Closure of Culture: Why Westport’s Italian Festival has reached its Final Curtain

Closure of Culture: Why Westport’s Italian Festival has reached its Final Curtain

by Petey Menz ’11 and Isaac Stein ’12

Westport Residents remember Italian Festivals of years past. Originally, the Festival was referred to as the "St. Anthony's Feast." Photo Courtesy of Miggs Burroughs.

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The Festival Italiano, an annual fair celebrating Italian culture that ran for 27 years, will not be returning to Westport this year due to rising expenses.
On the festival’s website, www.festivalitaliano.info, Roberta Troy wrote that rising contracting and setup costs mean that there was “no choice but to terminate Festival Italiano.”

“We have provided over $2.5 million dollars to charitable causes,” Troy wrote.  “We are proud of our accomplishments.”

Westport residents recalled the Festival with fondness.

“I always enjoyed the opening-night parade.  It was kind of hokey, very small-town-ish — much shorter than the Memorial Day parade, which goes on forever,” Westport historian Dan Woog said. “I’d stand at the end, right by the entrance to the park, and see lots of old Saugatuck residents standing watching, having a great time.”

Some residents, such as Jeff Arciola, believe that the departure of the Italian Festival, which was originally called the St. Anthony’s Feast, represents the loss of Italian culture in Westport. As the current operator of Jr.’s Hot Dog Stand, located at 265 Riverside Ave., Arciola was involved with the Festival because he viewed it as a way to contribute towards his heritage.

“In the late ‘80’s, I volunteered to assist with the setup and cleanup of the Festival grounds… and up until a few years ago I worked a Jr.’s booth to provide food at the Festival. I wanted to play a part in Westport’s Italian culture,” Arciola said.
Unfortunately, according to historian Woody Klein, the Italian community in Westport has encountered a long and steady population decline over the past half-century for a variety of geographic and social reasons.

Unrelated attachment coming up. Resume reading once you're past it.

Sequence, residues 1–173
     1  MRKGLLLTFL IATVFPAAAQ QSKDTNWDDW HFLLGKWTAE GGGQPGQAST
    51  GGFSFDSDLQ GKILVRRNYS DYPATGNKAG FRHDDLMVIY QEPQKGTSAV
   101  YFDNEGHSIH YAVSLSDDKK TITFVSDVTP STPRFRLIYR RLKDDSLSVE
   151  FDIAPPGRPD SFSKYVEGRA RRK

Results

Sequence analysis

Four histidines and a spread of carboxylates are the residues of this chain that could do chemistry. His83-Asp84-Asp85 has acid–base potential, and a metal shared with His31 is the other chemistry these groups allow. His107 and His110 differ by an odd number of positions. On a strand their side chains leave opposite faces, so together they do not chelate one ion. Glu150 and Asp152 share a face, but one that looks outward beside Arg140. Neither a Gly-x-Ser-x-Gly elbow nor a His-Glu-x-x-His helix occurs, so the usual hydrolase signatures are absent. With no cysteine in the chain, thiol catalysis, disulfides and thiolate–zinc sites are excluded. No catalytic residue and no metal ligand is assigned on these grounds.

As detailed by Klein’s book, Westport Connecticut, the Italian population of Westport was historically concentrated in one section of Westport, bounded by “the Saugtuck River, the railroad, and the Bradley farm on Saugatuck Avenue where Franklin Street and Saugatuck Avenue meet.”
However, Klein suggests that Westport’s Italian Community eventually left the Saugatuck area to “find a better home with more land, to escape the stigma of living in an ethnic community, and and because what had been an almost entirely residential community became more commercial after Interstate 95 was built.”

Woog agreed with Klein’s sentiments, citing the departure of the Santella family, which included prominent Westporter Lou Santella, who ran the Riverside barbershop until his retirement in 1999.

“As families like the Santellas moved away, and the aging Italians died, they took with them their memories of life in Saugatuck before I-95 came through and decimated that community.  Those memories of “old Saugatuck” were what sustained the Festival.  So I think the changing community came before – and helped cause – the end of the Festival,” Woog said.

However, while acknowledging that Westport’s Italian community has dwindled in recent decades, Arciola contends that there were additional organizational reasons that contributed to the closing of the Festival.

“There is no organized ‘club’ for the old Italian families of Westport, which is part of the reason why the loss of the Festival is so significant to the loss of Italian heritage in this town. In contrast, Fairfield still has an Irish festival, with dancing, music, and food…but it’s sponsored by the Fairfield Gaelic-American club. The Italian Festival was organized, set up, and sponsored by individual volunteers,” Arciola said.
This is a crucial difference between the Italian Festival and the Yankee Doodle Fair, which, according to Woog, is in robust financial and operating health because it is sponsored by a successful and unified organization — the Westport Woman’s Club.

“The Yankee Doodle Fair has been going for more than 100 years,” Woog said.  “It’s run by the Westport Women’s Club, which has a solid base of people and always perpetuates itself.”

However, the Italian Festival suffered from a lack of manpower that, according to Troy, ultimately ended the fair.
“Volunteering is virtually non-existent and sponsorships are dwindling so more and more of the set up has to be contracted and paid for,” Troy wrote.  “There is no way we can cut back expenses without destroying the character of the Festival, and that we will not do.”